I want you in your entirety


“Love has nothing to do with keeping those you love around”, they say. Dare I disagree?

It has a lot to do with that I swear. For, the moments spent with the loved one around are magical. The delightful company is beyond paranormal, mystic.

You wish you lose sense of all. And flow with the stream, getting carried away in your emotions losing all control, driven away with the wind to no man’s land where there is no one to judge and no one to grudge. And all that is left and all that matters is all of them in their entirety.

Where consequences become inconsequential and the sense no longer makes any sense and what you end up attaining is insane level ecstasy.

Notwithstanding you’re not a moth meant to burn and blaze, still after all this, all you crave is getting completely consumed into the flame, and cease…

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Amidst gender disparity, these women are re-defining Pakistan’s entrepreneurial landscape

women-in-tech.jpgWomen in South Asia face societal constraints and discrimination based on deeply entrenched values and perceptions about women’s role in the society which in turn significantly impacts their entry into businesses. Women still own less than 10 percent of small and medium enterprises (SMEs) in South Asia. Unfortunately, Pakistan is no exception in this regard.

Study conducted by the United Nations indicates that one third of the over 30 million working aged women in Pakistan are deemed economically active. Out of them, almost 80 percent of working women in the region are in vulnerable employment. Owing to deep-rooted gender disparities pertaining to availability of opportunities and resources, only a small number of women in Pakistan are able to start and sustain an entrepreneurial venture.

The alarming state of affairs definitely calls for a strong and vibrant entrepreneurship ecosystem in the country.

However, there is a light at the end of the tunnel. Over the past few years, a significant increase in the entrepreneurial activity has been observed. The entrepreneurship ecosystem is thriving in Pakistan relatively, which could have been next to impossible without the contribution of women who comprise of a larger chunk of the country’s population. Gender inclusiveness without doubt influences the entrepreneurial landscape positively.

As we end 2015, we celebrate some of the most extraordinary, successful and inspiring women tech-entrepreneurs who, despite all odds, proved their mettle and continue to contribute to flourishing entrepreneurial ecosystem in Pakistan. They stand as inspiration and strong role models for every aspiring entrepreneur and constitute a healthy and innovative business community in Pakistan.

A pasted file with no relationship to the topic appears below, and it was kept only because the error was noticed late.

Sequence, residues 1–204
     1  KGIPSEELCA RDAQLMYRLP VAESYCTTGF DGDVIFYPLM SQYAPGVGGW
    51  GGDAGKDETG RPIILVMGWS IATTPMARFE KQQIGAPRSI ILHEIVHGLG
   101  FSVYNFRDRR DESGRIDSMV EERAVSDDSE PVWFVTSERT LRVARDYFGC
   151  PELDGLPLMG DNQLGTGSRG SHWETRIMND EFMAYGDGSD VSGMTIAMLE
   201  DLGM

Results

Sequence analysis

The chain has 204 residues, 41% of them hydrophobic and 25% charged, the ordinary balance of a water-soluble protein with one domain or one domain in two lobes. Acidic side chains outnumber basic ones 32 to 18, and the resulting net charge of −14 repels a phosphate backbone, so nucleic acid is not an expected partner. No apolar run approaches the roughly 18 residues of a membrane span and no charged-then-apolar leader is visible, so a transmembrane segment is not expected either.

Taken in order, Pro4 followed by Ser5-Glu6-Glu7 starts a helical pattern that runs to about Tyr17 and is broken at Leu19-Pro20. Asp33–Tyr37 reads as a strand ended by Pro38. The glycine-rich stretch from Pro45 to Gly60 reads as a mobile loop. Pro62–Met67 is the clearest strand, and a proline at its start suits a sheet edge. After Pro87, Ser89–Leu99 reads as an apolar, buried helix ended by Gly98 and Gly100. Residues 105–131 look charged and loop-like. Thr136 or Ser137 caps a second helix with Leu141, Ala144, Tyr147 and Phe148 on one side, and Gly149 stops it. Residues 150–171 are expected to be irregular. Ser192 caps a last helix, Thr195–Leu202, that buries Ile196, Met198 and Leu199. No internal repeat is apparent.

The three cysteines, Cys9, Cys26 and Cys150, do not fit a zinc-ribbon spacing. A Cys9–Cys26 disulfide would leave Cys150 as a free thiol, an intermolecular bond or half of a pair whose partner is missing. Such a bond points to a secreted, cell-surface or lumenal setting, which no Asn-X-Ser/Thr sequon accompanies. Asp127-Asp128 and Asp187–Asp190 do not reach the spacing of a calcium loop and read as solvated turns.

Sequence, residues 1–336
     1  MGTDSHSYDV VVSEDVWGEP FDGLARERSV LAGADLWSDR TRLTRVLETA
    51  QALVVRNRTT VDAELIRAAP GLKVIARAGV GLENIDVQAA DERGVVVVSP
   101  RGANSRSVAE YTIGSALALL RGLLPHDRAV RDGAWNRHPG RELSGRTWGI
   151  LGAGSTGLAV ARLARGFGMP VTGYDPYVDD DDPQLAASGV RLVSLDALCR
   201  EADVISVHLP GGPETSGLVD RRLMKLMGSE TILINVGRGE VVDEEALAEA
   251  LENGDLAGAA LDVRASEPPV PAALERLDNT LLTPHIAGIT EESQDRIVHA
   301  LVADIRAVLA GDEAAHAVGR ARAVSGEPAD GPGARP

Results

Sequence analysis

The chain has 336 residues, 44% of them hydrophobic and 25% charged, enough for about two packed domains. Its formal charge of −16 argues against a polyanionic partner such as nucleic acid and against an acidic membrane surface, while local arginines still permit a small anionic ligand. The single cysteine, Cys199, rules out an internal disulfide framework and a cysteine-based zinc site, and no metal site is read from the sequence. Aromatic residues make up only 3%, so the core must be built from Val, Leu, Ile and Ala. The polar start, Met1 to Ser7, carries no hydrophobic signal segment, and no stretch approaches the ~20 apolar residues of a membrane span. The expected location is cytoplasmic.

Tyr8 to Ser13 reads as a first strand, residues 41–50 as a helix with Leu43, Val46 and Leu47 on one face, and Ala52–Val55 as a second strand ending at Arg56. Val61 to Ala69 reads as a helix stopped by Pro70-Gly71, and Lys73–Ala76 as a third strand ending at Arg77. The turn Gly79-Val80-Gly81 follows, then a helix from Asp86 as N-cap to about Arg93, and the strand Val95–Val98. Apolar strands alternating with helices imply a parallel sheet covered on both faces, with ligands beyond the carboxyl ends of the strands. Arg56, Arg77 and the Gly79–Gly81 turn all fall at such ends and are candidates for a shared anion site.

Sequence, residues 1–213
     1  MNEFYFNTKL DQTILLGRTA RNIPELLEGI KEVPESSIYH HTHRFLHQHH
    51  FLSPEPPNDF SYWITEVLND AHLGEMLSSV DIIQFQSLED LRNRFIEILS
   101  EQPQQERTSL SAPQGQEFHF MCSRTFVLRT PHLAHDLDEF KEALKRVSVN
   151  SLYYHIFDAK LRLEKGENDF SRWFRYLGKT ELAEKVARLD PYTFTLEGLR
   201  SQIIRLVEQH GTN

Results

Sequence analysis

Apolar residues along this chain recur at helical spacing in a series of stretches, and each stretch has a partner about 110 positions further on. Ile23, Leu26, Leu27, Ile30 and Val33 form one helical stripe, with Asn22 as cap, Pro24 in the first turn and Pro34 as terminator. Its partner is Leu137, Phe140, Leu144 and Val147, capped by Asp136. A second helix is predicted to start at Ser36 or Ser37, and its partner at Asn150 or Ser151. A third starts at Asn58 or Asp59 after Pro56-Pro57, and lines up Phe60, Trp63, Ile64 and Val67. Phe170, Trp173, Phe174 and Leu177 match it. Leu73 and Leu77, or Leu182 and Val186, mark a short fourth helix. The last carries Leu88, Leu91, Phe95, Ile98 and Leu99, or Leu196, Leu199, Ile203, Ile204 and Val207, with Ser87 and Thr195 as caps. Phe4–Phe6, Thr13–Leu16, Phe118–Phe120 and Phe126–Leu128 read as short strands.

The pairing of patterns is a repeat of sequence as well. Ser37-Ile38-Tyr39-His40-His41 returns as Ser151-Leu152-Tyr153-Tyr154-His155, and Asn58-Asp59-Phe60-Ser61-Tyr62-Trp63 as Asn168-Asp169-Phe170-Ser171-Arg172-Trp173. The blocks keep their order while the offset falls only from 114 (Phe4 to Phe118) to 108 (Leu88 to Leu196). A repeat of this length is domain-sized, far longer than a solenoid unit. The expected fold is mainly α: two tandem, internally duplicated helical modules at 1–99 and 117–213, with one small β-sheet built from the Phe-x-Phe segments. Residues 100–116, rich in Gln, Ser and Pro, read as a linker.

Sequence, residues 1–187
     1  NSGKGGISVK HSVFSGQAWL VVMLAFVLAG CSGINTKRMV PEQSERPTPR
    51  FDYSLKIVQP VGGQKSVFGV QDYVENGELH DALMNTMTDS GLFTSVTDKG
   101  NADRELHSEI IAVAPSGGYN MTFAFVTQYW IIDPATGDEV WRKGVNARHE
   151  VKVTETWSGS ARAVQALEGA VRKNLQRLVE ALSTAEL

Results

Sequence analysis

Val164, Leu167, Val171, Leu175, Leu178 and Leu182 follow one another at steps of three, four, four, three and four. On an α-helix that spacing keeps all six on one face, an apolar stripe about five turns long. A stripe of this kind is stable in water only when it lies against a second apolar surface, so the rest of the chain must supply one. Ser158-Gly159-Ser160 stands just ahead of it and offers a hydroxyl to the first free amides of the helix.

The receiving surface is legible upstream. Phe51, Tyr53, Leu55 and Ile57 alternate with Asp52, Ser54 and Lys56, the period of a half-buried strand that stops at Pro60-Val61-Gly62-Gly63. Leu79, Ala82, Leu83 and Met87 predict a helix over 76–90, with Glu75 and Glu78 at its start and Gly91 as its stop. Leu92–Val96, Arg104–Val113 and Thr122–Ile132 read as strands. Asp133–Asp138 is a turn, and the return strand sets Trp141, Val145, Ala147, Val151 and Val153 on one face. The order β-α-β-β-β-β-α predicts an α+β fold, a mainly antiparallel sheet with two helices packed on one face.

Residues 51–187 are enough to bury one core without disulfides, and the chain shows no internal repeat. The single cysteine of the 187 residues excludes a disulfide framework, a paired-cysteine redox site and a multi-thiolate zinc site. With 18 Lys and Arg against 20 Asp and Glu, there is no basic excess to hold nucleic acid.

It is undeniably true that, without successful women entrepreneurs, vibrant ecosystems cannot exist and flourish. Here is a list of some of the most dynamic women entrepreneurs who rocked the tech scene in Pakistan in 2015.

1. Nighat Daad – Founder, Digital Rights Foundation


Nighat Daad was always sensitive and heedful to the vulnerability of young girls and women in the online space. This is why Nighat founded the Digital Rights Foundation (DRF) in Pakistan realizing the need to prevent the increasing instances of cyber violence against women.

Through her non-profit platform, she conducts awareness sessions for women to educate and train them about privacy and online security. Her endeavors to raise awareness about global rights and online privacy and thereby protecting women from online harassment have been widely appreciated and acknowledged.
For her remarkable work, she also received global recognition and thus was deservingly added to the list of Time’s Next Generation Leaders.

She is also very vocal against the laws that allow government to check the right to freedom of expression and privacy of an ordinary internet surfer. Not just that, she is simultaneously been partaking in extensive campaigns against the internet surveillance of intrusive nature and dissemination of personal information to state agencies and businesses without individual prior approval. She believes, “As a leader, you have to envision a future you believe in, and that is what I am doing.”

2. Hafsa Shorish – Program Manager, PlanX


When it comes to entrepreneurship in Pakistan, the nation’s largest technology incubator Plan9 can never be overlooked since it has been contributing immensely to fostering the entrepreneurial ecosystem in the country.